Screenshot_20201205-184231.png


When I purchased my first Japanese knife a few years ago they had a couple of them in stock. I bought something else but asked about them and was told all about how they're the sharpest knives in the store, made by a multi generation sword maker etc etc. I knew it was the standard sales pitch but there was something about them. They looked unique with the yo handle, notch and to a noob white #1 was the best, purest and of course ultimate steel. Since then it had been on my one day wishlist.

Moving forward to the present (still very much a noob) and I've just purchased two new knives, a gyuto and nakiri. I had considered a TF in each case but others stood out so it stayed on the wishlist. Even though the knives are great, I couldn't help but wonder what the TF alternatives would have been like.

Just the other day I was in a store and had the opportunity to handle a Morihei TF. I thought it was cool to see one again in person but the last thing I needed was another knife so I didn't even consider buying it. Unfortunately I had now felt the "warmth". Even after my recent knives I couldn't get it out of my head. So... I went back and bought it like a fool.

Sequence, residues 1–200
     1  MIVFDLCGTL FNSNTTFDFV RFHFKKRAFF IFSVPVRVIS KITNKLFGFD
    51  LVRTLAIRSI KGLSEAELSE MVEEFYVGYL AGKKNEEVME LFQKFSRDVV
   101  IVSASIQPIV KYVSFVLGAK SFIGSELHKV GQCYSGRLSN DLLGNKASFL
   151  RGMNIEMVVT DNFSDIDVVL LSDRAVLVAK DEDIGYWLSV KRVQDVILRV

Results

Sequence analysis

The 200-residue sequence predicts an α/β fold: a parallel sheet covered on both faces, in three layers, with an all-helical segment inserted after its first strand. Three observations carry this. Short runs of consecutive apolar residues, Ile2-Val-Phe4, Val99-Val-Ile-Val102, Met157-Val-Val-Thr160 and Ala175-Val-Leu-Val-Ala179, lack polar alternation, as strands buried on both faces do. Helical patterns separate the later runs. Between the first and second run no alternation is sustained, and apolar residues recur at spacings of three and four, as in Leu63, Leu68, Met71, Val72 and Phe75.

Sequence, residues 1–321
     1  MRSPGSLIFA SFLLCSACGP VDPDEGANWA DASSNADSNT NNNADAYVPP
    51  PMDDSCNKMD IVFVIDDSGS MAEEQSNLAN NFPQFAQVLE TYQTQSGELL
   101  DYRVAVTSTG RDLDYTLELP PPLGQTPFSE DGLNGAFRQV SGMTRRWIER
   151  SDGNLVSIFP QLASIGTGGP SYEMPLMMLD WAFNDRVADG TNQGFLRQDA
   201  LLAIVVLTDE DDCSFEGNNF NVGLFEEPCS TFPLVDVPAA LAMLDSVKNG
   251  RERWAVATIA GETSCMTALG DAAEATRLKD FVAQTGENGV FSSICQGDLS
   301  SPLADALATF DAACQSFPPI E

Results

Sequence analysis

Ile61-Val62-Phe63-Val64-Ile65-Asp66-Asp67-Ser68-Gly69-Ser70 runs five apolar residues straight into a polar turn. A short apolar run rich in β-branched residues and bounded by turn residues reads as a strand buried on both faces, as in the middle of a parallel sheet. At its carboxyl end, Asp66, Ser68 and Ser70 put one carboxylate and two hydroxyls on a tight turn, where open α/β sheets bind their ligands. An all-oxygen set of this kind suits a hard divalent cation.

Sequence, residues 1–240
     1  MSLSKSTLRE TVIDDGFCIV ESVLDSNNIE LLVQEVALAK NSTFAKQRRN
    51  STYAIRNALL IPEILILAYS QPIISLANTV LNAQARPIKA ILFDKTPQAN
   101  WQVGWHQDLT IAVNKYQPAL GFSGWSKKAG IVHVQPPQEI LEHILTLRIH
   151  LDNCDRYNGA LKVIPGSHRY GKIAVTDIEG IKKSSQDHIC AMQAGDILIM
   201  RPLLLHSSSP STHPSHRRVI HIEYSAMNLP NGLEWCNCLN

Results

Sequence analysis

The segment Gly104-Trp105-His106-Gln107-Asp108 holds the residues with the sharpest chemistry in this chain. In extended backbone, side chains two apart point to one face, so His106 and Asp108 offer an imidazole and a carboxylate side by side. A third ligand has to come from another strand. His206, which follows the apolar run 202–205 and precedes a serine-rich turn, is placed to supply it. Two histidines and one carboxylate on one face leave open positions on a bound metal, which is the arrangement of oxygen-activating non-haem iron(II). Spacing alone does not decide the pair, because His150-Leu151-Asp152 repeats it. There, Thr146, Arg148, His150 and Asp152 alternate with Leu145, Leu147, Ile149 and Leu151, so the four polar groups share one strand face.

Anyway I now have my ugly duckling TF. I've finally scratched the itch and am a content fool with too many knives. Time will tell if I become a fanboi but so far it feels pretty bloody nice to use and I don't regret my decision at all. I'm sure now that I've tried the white steel a Denka will be on my wishlist...
 

daddy yo yo

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People who decide to purchase TF should have done their research and known what to expect. They should probably also know that there are specialists out there that will help them tune up their TF to perfection if they don't want to do it themselves.

The story seems a classic love story: finding your first love, breaking up due to unfulfilled expectations, and eventually getting back together happily in marriage.
...until you find a new one, different one, better one, with nicer geometry and better fit and finish. Then you get an expensive divorce and start babying a new partner at your side! And it starts all over again!
 

gcsquared

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I thoroughly enjoyed the story because it related to me on so many levels. I grew up in Toronto, I am a research before purchase kinda guy, and all those feelings of going back-and-forth and twisting-and-turning is real.

OP: if you are bother by the “flaw”, send the knife to a professional who can replace the handle, fix the overgrind, etc.

And the “No need for more knife purchases for a while” part at the end, I hope it’s true for you! Cos it certainly isn’t for me lol.. despite telling myself that many times over the past 15 years I’ve been collecting knives